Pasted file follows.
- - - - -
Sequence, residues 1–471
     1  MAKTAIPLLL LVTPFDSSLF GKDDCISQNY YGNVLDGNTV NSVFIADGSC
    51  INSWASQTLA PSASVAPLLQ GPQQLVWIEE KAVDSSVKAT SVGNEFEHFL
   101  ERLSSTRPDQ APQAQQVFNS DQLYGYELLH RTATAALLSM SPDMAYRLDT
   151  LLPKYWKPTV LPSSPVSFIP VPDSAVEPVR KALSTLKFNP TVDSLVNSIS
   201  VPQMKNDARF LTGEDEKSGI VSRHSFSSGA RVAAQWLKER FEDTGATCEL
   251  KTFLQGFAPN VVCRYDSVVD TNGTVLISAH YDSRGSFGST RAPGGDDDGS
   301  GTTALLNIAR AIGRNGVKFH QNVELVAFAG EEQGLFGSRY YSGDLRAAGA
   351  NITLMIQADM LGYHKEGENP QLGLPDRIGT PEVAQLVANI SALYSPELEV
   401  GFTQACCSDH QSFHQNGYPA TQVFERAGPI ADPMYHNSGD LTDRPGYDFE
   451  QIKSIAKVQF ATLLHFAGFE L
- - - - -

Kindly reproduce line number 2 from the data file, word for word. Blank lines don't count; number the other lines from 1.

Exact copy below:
     1  MAKTAIPLLL LVTPFDSSLF GKDDCISQNY YGNVLDGNTV NSVFIADGSC